Siy said digital advocates don't mean to question the importance of blocking dangerous drugs from reaching markets, but said there are other, more legally sound means of interrupting such transactions while court cases are introduced and tried.
"Usually, the statutes that are used to seize these things were really originally built to seize contraband itself, to seize drugs, to seize counterfeit stuff, things that were in and of themselves illegal, things that could be used as evidence, things that could be used to create counterfeit things. And the intention was to prevent the destruction of the product being investigated," Siy said. "A domain name isn't going to go anywhere. Nobody is going to be able to flush a domain name down the toilet."
While a domain could be deleted, investigators could document and save everything available online before announcing their investigation, Siy said.
"In the meantime, if you want to prevent that site from continuing operation, you can actually get a court order instead, get an injunction, instead of going through a seizure procedure," he said.
Affidavits in the case, however, which argued that the websites violated federal laws against the trafficking of counterfeit goods, contended that a restraining order or injunction blocking use of the websites while a case was tried would be an "insufficient" solution. Only an outright seizure would prevent "third parties from acquiring the name and using it to commit additional crimes," one affidavit said.
Horton said counterfeit drugs threaten public safety and must be pursued aggressively, and Bitter Pill is far from over.
"We'll be working with our headquarters office and the IPR Center over the next few months to pursue additional leads because I'm sure there's going to be spinoffs," he said. "If you don't get to the folks behind the actual websites, then others will pop up, so it's a constant challenge."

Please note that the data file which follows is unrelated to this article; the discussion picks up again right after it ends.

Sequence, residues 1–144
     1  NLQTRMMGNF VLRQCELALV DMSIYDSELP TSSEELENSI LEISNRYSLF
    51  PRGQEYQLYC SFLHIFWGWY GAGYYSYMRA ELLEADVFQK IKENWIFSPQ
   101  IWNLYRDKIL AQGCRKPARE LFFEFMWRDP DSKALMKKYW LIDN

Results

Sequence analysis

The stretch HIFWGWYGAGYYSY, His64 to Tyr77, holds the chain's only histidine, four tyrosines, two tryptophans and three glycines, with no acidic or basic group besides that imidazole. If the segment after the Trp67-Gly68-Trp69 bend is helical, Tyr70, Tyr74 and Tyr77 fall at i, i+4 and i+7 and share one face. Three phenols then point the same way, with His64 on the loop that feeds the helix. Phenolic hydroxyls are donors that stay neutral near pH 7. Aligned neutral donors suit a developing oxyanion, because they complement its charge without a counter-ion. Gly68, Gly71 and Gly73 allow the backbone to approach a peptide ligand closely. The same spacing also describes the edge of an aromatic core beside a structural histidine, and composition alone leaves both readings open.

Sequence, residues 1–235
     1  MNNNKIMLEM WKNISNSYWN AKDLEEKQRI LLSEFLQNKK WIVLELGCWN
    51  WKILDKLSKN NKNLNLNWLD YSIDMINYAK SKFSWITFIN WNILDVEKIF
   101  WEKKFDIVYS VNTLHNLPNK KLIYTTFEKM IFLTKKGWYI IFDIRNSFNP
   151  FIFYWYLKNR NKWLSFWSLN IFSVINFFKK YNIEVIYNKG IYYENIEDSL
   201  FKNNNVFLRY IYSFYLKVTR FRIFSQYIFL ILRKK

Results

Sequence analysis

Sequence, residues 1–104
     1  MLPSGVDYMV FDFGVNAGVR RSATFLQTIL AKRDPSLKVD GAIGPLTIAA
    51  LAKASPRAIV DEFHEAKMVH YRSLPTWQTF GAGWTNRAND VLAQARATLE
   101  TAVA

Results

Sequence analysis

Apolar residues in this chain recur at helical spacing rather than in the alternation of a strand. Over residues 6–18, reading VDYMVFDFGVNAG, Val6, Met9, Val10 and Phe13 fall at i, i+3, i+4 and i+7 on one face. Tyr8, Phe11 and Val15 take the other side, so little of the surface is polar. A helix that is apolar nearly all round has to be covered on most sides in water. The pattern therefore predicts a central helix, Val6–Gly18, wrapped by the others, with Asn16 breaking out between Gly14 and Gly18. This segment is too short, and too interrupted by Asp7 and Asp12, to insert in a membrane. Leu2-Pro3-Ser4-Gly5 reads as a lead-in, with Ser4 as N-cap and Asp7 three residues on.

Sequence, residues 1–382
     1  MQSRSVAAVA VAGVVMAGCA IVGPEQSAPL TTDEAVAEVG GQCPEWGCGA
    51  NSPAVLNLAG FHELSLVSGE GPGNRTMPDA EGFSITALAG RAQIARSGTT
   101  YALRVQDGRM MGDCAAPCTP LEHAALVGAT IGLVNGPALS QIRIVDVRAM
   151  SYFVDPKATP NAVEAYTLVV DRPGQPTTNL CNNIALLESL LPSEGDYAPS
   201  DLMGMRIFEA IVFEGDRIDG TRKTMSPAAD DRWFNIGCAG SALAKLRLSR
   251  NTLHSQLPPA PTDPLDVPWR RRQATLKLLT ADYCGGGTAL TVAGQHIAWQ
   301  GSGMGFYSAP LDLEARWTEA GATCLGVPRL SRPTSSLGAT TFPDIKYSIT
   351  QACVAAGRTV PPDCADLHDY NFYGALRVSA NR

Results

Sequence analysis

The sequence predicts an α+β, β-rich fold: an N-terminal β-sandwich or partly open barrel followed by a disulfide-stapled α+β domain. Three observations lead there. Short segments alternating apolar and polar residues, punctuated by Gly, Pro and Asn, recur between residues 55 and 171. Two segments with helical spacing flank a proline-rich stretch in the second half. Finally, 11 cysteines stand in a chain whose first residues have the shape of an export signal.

Horton said that because the investigation is continuing, he could not discuss pending arrests in the case or what quantities of drugs were purchased to facilitate the drug testing in the case. He also declined to say how many operations were targeted, but acknowledged that not every website address seized constituted an independent operation.
Apart from falling under the international operation, in its fifth year and called Pangea V, Bitter Pill was also part of a sustained U.S.-based law enforcement initiative known as Operation In Our Sites, which began two years ago. The websites seized Wednesday bring the total number of sites seized by the domestic operation to 1,525. Individuals who have an interest in the websites can file a petition in federal court to contest the seizures.
Visitors to the seized websites will now be shown a banner image saying that the website has been seized and explaining that knowingly trafficking counterfeit goods is a federal crime carrying a penalty of up to 10 years in prison and fines, forfeitures and restitution.